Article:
The question of how many is too many depends on the grub species. Typically, the larger the grub, the fewer grubs per square foot can be tolerated by the turf before damage is visible. Threshold levels have been established for each species as outlined in the Cornell Guide for Commercial Turfgrass Management (pdf).

White grub treatment threshhold

SpeciesNumber of grubs per sq. ft.Number of grubs per
Asiatic garden beetle18-20 2
Black turfgrass ataenius30-503-5
European chafer5-8 Any
Green June beetle5 Any
Japanese beetle8-10 Any
Oriental beetle8 Any
Northern masked chafer8-12 Any
May and June beetle3-4 Any

If several sampled areas are at or above the threshold, intervention may be warranted. Remember, turfgrass with a healthy root system will tolerate higher numbers of grubs than the suggested thresholds. Extensive research in upstate NY shows that insecticide treatments are needed only 20% of the time on home lawns and golf course fairways.


Should you treat?

If your grub counts exceed the damage thresholds, you might want to consider treating for them. Your decisions will depend on when you find the grubs. If treating, target only the areas where grub populations exceed the suggested thresholds, or where you’ve had a bad history of grubs.

Grubs found in May-July

If you’ve had a history of high grub populations and damage on your lawn, you may want to protect your lawn for the upcoming generation by applying a preventative insecticide. These can be applied most any time from May-July, and for New Yorkers include imidacloprid (e.g., Merit) and chlorantraniliprole (Acelepryn). Long Islanders must note that imidacloprid may only be applied by a certified pesticide applicator and they may not use chlorantraniliprole or clothianidin.

Grubs found in August

The grubs are still small and have not caused a lot of damage yet, and are more susceptible to insecticides.  In New York State you could apply beneficial nematodes, imidacloprid (Merit), or trichlorfon (e.g., Dylox), listed from least to most toxic. Note that on Long Island, imidacloprid may only be used if applied by a certified pesticide applicator. In other states, additional products may also be available.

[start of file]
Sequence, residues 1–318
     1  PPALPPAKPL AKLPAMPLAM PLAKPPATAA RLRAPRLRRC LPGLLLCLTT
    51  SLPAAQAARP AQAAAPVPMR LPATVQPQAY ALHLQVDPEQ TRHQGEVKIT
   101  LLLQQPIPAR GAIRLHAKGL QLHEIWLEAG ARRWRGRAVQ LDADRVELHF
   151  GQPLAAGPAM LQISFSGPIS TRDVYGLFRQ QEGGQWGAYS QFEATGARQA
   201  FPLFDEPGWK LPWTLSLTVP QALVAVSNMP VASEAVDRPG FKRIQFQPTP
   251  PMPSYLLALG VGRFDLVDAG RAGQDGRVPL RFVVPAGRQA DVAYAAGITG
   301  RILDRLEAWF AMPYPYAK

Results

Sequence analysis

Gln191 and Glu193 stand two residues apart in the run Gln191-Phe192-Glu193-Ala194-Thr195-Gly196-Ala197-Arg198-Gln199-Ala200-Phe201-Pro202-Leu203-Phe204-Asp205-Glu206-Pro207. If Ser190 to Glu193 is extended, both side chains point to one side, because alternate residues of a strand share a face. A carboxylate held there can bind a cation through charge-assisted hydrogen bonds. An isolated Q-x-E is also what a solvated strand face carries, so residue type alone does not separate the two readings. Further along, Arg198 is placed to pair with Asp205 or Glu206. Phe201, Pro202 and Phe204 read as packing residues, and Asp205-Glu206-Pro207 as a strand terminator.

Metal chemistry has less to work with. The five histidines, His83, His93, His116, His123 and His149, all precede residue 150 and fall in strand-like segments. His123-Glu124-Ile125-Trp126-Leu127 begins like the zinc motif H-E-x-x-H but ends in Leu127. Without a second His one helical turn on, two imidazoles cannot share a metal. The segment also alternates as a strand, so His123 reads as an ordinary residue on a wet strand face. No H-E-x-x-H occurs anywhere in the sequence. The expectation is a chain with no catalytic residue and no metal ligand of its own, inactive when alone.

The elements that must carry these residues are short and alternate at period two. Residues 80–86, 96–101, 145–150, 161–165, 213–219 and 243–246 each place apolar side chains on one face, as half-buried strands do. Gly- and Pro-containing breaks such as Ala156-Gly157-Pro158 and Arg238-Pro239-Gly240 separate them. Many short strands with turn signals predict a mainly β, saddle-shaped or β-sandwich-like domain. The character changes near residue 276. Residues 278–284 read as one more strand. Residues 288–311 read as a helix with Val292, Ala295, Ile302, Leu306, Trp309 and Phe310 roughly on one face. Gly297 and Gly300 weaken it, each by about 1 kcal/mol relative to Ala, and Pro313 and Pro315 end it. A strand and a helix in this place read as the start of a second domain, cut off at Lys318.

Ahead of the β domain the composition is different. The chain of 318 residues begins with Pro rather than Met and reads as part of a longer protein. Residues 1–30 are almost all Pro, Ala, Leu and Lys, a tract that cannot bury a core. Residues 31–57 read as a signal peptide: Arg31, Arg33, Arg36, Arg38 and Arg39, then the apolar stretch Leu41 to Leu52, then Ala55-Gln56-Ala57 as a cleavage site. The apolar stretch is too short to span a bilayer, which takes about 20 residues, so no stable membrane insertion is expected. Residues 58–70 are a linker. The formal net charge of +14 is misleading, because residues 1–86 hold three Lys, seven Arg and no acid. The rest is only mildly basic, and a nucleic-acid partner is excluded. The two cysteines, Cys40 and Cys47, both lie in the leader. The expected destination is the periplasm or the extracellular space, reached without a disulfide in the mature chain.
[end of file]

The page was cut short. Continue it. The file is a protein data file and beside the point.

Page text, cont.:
Grubs found in September

It’s too late to use most products. Beneficial nematodes or trichlorfon may be used.

Grubs found in October

It’s really too late to treat this year’s population. Treating them is a waste of time and money. Focus on compensating for grub damage.

Compensating for grub damage

You can help your lawn to compensate for loss of roots by watering it regularly, providing good fertility, and reseeding damaged areas—actions that will improve any lawn’s looks, too.

Cornell research shows that fall fertilization (0.25-5 lb. of N per 1,000 square feet) enhances turf recovery from grub damage. Check to see if there are regional fertilizer restrictions for your region.

More information on maintaining healthy turf can be found on the Cornell Turfgrass Program website for Golf Turf, Sports Turf, and Lawns.

Disclaimer: For the most up-to-date information on insecticides approved for use in New York State, see the Cornell Guide for Commercial Turfgrass Management. To calculate the environmental impact of different pesticides, visit A Method to Measure the Environmental Impact of Pesticides.

Read pesticide labels prior to use. The information contained here is not a substitute for a pesticide label. Trade names used herein are for convenience only; no endorsement of products is intended, nor is criticism of unnamed products implied. Laws and labels change.  It is your responsibility to use pesticides legally.